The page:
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The World Inside Kensington Market
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Toronto, Canada

The World Inside Kensington Market

In the heart of Toronto there is a place where people, art, and food get it on. If you’re craving it, chances are you’ll find “it” here. It’s a colorful collision of hipsters, cultures, and migrators all packed into a pedestrian-friendly, four-block radius. This multicultural gem in the city is called Kensington Market.

Bordered between College Street on the north, Spadina Avenue on the east, Dundas Street West to the south, and Bathurst Street to the west, this area was first settled in the 1880s by Irish and Scottish laborers coming to Toronto. Victorian houses—many of which still stand today—became homes for the immigrants starting new lives in the decades that followed. In 2006, Kensington Market was proclaimed a National Historic Site of Canada.

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The heart of the action—along Augusta & Kensington Avenues and neighboring Baldwin Street—is a stomping ground for Toronto’s downtown denizens. Home to an eclectic assortment of cafés, shops, and eateries, visitors can satisfy their culinary urges with the vast array of produce, fish, meat, cheese, spices, and dry goods. It’s a wonderland of ingredients that leaves the mind swirling and searching for a number of recipes. 

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That’s where I find myself on this particular Sunday afternoon. Staring at oodles of gorgeous Ontario produce the province is blessed with every summer through early fall, I was enduring a mental tug-of-war. Savory or sweet? Side dish, main, or dessert? Or maybe just eat it raw, right now? My lack of patience makes it easy to opt for the latter. I eagerly grab some sweet, luscious Ontario plums and create an instant appetizer.

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A glance across Baldwin Street diverts my attention as I read the words “Cheese Magic” on a storefront. Magical cheese? Yes please! I enter the shop and come face-to-face with gracious cheesemongers who are glad to be of service. Camemberts, Bries, and Blues stare at me through a glass case and I’m getting a giddy/anxious feeling in my stomach. I default to, “What do you recommend?” and thankfully so. I was presented with a raw milk white cheddar—aged six years—from Montréal. Crumbly, salty goodness coats my palate and I’m instantly delighted. Due to strict food laws, only pasteurized cheese can be produced in Ontario. The loophole is you can still sell the unpasteurized stuff (like this one made in Québec and others from France), which makes Toronto cheese connoisseurs pretty damn chirpy.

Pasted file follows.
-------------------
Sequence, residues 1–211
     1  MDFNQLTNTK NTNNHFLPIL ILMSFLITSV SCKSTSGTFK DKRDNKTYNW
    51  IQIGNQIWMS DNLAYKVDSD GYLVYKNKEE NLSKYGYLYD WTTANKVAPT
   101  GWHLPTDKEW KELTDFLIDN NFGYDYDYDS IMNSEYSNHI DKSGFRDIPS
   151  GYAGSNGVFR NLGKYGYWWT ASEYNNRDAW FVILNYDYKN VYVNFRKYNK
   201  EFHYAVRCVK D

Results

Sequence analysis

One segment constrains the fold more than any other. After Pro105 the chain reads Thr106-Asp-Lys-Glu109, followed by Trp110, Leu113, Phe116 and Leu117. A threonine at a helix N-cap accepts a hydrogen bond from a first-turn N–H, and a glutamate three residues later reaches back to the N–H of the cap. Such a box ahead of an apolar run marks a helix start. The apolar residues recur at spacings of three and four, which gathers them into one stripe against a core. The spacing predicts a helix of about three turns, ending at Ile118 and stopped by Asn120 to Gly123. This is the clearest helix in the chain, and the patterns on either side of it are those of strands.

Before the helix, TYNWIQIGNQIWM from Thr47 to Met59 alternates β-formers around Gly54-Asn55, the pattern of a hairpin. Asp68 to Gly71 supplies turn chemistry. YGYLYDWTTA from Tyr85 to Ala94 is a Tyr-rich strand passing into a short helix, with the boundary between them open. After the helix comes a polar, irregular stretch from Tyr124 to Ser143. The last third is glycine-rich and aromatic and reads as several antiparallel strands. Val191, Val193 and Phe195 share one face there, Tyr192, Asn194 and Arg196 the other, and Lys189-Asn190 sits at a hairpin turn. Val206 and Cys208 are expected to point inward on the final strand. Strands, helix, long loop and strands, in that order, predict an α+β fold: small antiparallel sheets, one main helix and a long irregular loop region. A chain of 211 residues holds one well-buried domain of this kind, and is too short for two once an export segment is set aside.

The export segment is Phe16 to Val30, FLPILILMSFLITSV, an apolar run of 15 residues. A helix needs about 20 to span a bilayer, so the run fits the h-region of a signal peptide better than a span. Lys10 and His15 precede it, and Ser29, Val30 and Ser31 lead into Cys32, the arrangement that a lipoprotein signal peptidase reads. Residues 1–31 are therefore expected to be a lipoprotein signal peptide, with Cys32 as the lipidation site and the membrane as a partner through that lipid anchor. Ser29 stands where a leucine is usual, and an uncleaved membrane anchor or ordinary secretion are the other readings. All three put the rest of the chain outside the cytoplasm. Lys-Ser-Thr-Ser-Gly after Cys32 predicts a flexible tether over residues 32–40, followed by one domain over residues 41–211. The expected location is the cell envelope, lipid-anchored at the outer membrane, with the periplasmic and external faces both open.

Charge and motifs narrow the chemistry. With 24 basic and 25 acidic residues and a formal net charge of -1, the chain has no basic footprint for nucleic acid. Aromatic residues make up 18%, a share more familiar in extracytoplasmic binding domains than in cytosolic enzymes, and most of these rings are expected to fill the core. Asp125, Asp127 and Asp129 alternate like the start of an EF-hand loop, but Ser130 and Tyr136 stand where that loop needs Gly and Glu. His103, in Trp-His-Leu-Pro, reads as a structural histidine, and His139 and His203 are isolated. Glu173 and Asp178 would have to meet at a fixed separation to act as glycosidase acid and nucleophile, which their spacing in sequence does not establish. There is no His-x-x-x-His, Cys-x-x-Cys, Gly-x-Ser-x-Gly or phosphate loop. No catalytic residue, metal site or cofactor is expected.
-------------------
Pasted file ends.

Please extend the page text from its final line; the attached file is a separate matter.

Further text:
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A handful of samplings later, I leave the shop licking remnants of cheese off my fingers. Reggae music begins to fill my ears as I turn onto Kensington Avenue. I inhale the aroma of grilled something, and a few steps later I see it: a smoker and succulent Jamaican jerk chicken. The billowing smoke beckons me to come closer and join the growing line. I watch as pieces of perfectly marinated chicken—complete with crispy, blackened bits—are briskly turned, removed, cut, boxed, and handed over to each customer. I sink my teeth into the spicy, fragrant chunks of meat. Between the plums, raw cheese, and this jerk chicken, I’m in a pretty great mood.

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I backtrack towards Augusta Avenue, passing by happy people eating happy things. Toronto’s iconic CN Tower peaks out between buildings every so often, and I’m transported back to my childhood. My life started in this city. The basic mold of my identity was first created here, and no matter how far I’ve moved away, it will always be an integral part of who I am. 

I stop myself in front of the Latin American Food Court. They have churros (this day just keeps getting better), and I decide it’s in my best interest to make friends with Pepe (he’s in charge of handing over the churros). He expertly drizzles chocolate over the freshly fried pastries; we swap money for dessert and I’m on my way. My years in Texas, Puerto Rico, and California have made me an honorary judge of Latin food. And I can officially say these churros are simply delicious.

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I leisurely stroll down the street, taking in the abundance of street art around me. There’s a cool Bohemian vibe here, bringing forth memories of the Haight in San Francisco. Torontonians have had a long standing love affair with Kensington Market. It’s a place that embraces everyone, and gives gentle reminders to slow down and appreciate life’s bounty and beauty in its many different forms. As my Sunday reunion with Kensington Market comes to a close, it’s clear I’m still smitten with this charming neighborhood. And I wish I could linger a bit longer inside its world.

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Kensington Market
Kensington Ave, Toronto, ON M5T 2K2, Canada

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